Rainbow Pediatrics
Fayetteville Office
1327 Robeson St.
Fayetteville, NC 28305
(910) 486-5437
Fayetteville Office
341 S. McPherson Church Rd
Fayetteville, NC 28303
(910) 920-4428
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4469 S. Main St.
Hope Mills, NC 28348
(910) 426-5430
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142 Paraclete Dr.
Raeford, NC 28376
(910) 904-0404

3 Puberty Questions Your Daughter Wants to Know but is Afraid to Ask

Puberty is an exciting time in a young girl’s life. It is a signal that their bodies are healthy and are changing from that of a girl’s to a woman’s. Yet it is also a very confusing time, filled with many questions and concerns. Here are the three most common and important questions on puberty your daughter needs answered, so please share this with them.

What are Breast Buds?

The first visible sign of puberty in adolescents is the development of breast buds. Breast buds typically appear around age nine or ten. At first, the areola (pigmented area around the nipple) becomes darker in color and enlarges. It rises to become a mound that is a hard and knot-like bump. This is the breast bud. It is perfectly normal for breast buds to first appear in just one breast. The other side will catch up, but this can take several months, so it is important to be patient. Once breast buds appear, menstruation usually begins in about two years. Before this happens, however, more body changes occur. For most girls, breasts will continue to develop until around 17 or 18 years of age.

Ick! What is that white stuff in my underwear? (AKA: Vaginal Discharge)

About a year after breast buds appear girls will notice a white, cream colored or yellow substance on their underwear. This substance is called vaginal discharge and most often appears six months to one year before menstruation begins.

Vaginal discharge has the important job of keeping the vagina clean. Discharge provides a home to the good bacteria in the body that fights other, not so good germs. It does not stain underwear, however, some girls prefer to wear a mini pad to absorb the discharge.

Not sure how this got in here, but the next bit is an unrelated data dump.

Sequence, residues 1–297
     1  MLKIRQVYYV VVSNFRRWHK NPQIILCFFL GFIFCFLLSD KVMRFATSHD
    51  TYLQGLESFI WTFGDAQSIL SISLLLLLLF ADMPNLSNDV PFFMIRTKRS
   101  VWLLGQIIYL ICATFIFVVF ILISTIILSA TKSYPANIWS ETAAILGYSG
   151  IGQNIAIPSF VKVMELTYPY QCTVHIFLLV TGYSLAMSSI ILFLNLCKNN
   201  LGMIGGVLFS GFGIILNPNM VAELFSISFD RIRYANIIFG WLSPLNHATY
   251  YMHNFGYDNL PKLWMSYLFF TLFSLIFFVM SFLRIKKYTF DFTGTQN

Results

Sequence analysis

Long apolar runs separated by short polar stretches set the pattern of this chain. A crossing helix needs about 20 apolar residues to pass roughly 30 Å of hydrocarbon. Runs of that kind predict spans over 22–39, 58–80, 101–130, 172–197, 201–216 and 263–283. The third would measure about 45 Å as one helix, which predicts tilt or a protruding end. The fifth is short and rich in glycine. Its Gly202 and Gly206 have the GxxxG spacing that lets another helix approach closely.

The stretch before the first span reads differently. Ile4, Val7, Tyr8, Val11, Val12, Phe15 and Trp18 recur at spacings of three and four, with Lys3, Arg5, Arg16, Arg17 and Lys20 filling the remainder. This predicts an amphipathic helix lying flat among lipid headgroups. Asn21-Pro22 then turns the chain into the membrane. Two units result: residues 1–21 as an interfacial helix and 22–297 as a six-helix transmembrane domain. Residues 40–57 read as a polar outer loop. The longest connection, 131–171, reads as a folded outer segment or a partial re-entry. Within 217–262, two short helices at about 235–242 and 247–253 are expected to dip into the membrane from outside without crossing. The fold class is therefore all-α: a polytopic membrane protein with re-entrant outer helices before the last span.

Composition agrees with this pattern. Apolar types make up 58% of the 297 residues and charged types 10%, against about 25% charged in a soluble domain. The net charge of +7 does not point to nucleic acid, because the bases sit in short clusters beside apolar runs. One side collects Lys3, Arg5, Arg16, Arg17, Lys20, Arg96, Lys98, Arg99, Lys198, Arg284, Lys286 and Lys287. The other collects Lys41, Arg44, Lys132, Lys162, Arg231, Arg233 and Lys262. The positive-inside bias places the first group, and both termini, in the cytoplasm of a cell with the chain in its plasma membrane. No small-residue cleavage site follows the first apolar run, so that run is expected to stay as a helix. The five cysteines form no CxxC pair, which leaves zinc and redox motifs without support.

Once menstruation begins, discharge will continue to be a part of life throughout adulthood. The consistency of the discharge, however, will change throughout each cycle (see below) based on hormonal changes occurring in the body. Nothing needs to be done for discharge unless pain, itching or a foul odor is noted, in which case a quick visit to the doctor may be in order.

What is Menstruation?

Menstruation is an important stage in puberty as it signifies the transition of a girl to a woman, in the sense that she can now become pregnant. Menstruation, also called having a period, is a woman’s monthly bleeding. In the U.S., this typically begins around 12 years of age, but can occur anywhere between the age of 8 and 15. Menstruation continues until around age 50.

The menstrual cycle is a biological calendar within the body that goes from the start of one period to the next. It is controlled by the increase and decrease in hormones throughout the month. Day 1 is the first day of a period and continues until the next period begins. This usually occurs within a 28-day cycle, however, menstrual cycles can range in length from 21 – 45 days in length in young teens. Menstrual cycles become more regular with time. Every girl (and woman) should maintain a menstrual calendar to keep track of her periods. Pediatricians and other physicians will ask for this information.

While the culmination of puberty leads to the start of menstruation, bodily changes continue until around 17 or 18 years of age. Puberty is a time filled with many questions for young girls. It is important that parents provide their daughters with quality information to help them prepare for the changes that will come with maturity.

Girls should also be prepared for menstruation by having pads and mini-tampons on hand for when it begins. They must understand how to use both products properly. A small and discreet bag containing some of these items plus an extra pair of panties will increase a girls’ confidence about being prepared. This bag can be taken to school and other activities so they are ready for when it happens.

If you have questions about puberty, menstruation or have any other pediatric development concerns, please contact Rainbow Pediatrics at 910.486.5437 or visit us online. Our highly experienced pediatric providers are here to support you.